Weisz v Weisz & ors [2021] WTLR 379

WTLR Issue: Spring 2021 #182









The claimant was the widow of the deceased whom she married on 19 April 2005. It was for both of them a second marriage and each had their own children. By his will dated 12 December 2017 the deceased made a specific gift to the claimant of his half-share in the matrimonial home, which was subject to a mortgage. He appointed his children as executors and the net value of the estate was stated to be not less than £4,088,336. The claimant applied for an interim provision order pursuant to s5 of the Inheritance (Provision for Family and Dependants) Act 1975. She sought interim payments at a rate of £8,511.78 per month backdated to 5 July 2019, an interim payment of £20,000 in order to repay funds loaned to her by Scott Saunders and an interim payment of £55,578 for the purpose of meeting her legal fees up to and including the financial dispute resolution hearing (FDR).

Held (granting the application in part):

While it was not the longest of marriages, it was long enough for the claimant to have had a legitimate claim to make for at least an element of sharing, albeit viewed more in the context of a needs case, if the marriage had ended in divorce. However, the claim had been brought under the Inheritance Act and it was clear that the court had the discretion to order both periodic payments and lump sum payments where it appeared that the applicant was in immediate need of financial assistance. The exercise of that discretion was not identical, not even broadly the same, as the discretion exercisable in ancillary relief applications, though there were necessarily considerable overlaps. On the basis of the evidence-based budget put forward in the application under headings of housing, housekeeping, clothes and footwear, cars, personal expenses, holidays etc, the budget would be reduced to £61,411 which equated to £5,200 per month backdated to 5 July 2019 and to continue until settlement or two months after the conclusion of the FDR. As regards the claim for an interim payment of £20,000, this would be rejected as there was no evidence from Scott Saunders that he was about to issue a claim for the repayment of a debt. The claim for an interim payment of £55,578 would be allowed for the purpose of meeting the claimant’s legal fees up to the conclusion of the FDR.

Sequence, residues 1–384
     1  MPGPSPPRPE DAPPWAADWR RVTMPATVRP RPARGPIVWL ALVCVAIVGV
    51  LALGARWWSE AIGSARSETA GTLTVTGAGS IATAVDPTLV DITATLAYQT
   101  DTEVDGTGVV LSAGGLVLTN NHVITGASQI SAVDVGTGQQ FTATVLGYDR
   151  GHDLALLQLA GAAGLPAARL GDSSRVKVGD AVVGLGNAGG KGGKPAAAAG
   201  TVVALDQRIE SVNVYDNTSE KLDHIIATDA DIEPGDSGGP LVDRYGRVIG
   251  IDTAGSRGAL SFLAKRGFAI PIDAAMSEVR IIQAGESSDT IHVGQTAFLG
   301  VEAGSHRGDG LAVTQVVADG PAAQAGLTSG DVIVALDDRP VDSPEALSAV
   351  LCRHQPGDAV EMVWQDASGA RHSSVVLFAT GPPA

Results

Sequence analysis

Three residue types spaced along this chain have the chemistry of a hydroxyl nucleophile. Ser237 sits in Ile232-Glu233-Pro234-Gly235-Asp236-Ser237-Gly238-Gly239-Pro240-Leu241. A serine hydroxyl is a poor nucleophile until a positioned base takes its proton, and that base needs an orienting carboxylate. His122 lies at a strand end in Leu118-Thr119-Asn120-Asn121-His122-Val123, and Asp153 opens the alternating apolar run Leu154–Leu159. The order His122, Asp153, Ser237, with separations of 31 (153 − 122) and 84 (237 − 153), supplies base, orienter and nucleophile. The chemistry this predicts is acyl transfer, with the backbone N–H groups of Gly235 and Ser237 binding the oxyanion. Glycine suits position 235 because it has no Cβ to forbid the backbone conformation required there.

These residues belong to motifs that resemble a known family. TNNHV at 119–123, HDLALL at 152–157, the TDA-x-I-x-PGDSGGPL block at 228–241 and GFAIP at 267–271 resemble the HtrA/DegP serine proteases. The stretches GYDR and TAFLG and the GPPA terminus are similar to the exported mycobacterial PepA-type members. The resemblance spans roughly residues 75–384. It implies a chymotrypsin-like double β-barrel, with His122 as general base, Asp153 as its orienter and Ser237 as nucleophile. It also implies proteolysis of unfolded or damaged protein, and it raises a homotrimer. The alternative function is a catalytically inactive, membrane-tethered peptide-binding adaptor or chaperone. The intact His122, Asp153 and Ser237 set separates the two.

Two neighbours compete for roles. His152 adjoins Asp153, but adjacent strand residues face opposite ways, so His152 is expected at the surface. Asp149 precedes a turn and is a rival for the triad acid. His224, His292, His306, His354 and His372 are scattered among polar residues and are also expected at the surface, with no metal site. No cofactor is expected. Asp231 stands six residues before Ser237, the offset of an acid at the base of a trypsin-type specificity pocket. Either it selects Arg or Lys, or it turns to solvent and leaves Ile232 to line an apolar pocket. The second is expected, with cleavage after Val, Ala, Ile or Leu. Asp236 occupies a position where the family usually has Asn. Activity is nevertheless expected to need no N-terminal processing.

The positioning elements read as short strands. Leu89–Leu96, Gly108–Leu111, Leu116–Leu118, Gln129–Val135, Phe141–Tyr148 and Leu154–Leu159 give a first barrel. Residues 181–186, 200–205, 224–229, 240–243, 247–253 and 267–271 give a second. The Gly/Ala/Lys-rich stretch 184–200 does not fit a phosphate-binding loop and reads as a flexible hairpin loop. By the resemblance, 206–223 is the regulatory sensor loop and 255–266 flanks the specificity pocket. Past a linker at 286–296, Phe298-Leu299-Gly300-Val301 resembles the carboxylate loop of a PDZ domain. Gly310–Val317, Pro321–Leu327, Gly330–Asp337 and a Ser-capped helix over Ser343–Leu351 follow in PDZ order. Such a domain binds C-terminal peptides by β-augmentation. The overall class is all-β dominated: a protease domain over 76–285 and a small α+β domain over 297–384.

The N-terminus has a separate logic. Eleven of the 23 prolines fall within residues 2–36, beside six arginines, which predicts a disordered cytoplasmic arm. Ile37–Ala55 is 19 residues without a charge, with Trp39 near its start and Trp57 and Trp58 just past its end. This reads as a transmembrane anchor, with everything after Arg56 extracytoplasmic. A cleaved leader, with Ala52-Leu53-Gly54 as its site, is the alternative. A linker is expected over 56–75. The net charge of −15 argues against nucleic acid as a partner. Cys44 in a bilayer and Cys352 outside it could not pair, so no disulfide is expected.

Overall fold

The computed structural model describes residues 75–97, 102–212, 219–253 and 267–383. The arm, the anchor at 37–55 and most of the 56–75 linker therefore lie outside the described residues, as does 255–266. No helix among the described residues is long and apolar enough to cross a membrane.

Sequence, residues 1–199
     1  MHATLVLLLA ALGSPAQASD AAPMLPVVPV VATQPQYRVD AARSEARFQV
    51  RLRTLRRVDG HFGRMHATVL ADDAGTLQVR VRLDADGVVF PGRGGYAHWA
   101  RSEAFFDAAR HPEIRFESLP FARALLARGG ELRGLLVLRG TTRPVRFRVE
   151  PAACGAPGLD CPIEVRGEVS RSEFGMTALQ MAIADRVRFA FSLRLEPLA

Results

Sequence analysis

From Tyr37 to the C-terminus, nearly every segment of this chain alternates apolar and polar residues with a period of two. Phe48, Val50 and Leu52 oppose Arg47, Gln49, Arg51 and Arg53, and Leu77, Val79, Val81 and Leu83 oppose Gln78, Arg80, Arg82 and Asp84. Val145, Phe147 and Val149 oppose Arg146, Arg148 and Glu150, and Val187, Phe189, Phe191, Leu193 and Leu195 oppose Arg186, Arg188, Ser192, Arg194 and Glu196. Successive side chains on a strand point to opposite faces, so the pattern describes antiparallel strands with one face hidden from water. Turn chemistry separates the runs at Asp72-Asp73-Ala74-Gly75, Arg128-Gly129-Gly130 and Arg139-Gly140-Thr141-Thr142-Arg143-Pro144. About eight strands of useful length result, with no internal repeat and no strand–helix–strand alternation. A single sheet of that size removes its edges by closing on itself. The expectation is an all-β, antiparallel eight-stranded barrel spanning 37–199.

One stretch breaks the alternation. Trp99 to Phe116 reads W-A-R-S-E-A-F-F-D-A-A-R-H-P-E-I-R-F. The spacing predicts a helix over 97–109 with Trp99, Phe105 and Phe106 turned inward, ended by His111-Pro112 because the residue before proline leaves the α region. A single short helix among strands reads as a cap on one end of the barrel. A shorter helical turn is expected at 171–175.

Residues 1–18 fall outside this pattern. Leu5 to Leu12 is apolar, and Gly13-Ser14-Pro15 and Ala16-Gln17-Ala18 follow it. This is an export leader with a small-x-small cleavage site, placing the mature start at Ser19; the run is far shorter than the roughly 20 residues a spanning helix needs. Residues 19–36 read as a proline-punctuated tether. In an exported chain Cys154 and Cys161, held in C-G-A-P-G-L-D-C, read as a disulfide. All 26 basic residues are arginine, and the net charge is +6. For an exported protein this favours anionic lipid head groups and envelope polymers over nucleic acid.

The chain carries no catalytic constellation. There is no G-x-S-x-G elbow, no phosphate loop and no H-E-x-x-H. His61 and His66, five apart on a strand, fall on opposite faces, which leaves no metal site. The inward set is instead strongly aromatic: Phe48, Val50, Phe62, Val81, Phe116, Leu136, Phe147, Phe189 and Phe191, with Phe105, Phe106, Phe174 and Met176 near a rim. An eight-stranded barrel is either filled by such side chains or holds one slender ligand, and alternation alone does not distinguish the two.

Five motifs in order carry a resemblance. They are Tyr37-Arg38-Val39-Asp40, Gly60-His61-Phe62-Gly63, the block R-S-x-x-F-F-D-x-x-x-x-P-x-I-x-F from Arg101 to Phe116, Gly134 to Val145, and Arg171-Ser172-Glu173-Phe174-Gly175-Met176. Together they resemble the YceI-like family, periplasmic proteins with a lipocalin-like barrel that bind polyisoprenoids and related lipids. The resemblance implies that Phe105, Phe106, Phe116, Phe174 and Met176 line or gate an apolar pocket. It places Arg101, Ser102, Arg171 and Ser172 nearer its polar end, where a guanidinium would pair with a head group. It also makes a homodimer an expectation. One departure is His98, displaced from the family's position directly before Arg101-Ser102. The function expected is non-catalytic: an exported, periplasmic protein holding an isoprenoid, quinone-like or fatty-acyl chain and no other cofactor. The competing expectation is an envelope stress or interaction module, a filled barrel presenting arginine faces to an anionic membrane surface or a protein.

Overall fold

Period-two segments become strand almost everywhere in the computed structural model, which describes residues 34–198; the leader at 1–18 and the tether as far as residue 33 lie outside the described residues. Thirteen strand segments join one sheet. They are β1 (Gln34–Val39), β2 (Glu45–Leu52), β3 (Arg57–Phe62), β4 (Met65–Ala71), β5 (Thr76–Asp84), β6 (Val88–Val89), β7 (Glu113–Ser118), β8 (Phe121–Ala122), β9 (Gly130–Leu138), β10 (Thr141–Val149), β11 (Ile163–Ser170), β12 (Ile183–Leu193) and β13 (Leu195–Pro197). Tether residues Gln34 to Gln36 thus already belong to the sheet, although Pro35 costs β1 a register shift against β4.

Obiter: it was astonishing that the level of costs in relation to the application incurred by all parties was in the order of £74,000 when the total amount claimed by way of lump sum payments was only £75,000. It could not be proportionate for so much money to be spent on this issue and it was unfortunate that the parties had been unable to settle the application.

JUDGMENT FRANCIS J: [1] The claimant in these proceedings is Sarah Weisz, who married the deceased on 19th April 2005. It was for both of them a second marriage. [2] The application which is before me today relates to an application issued by the claimant on 5th July this year for interim provision pursuant to …
This content is only available to members.

Counsel Details

Simon Calhaem (29 Bedford Row, London, WC1R 4HE, tel 020 7404 1044, e-mail clerks@29br.co.uk) for the claimant.

Julia Beer (Selborne Chambers, 10 Essex Street, London WC2R 3AA, tel 20 7420 9500, e-mail clerks@selbornechambers.co.uk) for the first and second defendants.

Giles Richardson (Serle Court, 6 New Square, Lincoln’s Inn, London, WC2A 3QS, tel 020 7242 6105, e-mail clerks@serlecourt.co.uk) for the third and fourth defendants.

Cases Referenced

  • T v V [2019] EWHC 214 (Fam); [2019] WTLR 1029 Fam D

Legislation Referenced

  • Inheritance (Provision for Family and Dependants) Act 1975, ss3 and 5
  • Matrimonial Causes Act 1973, s22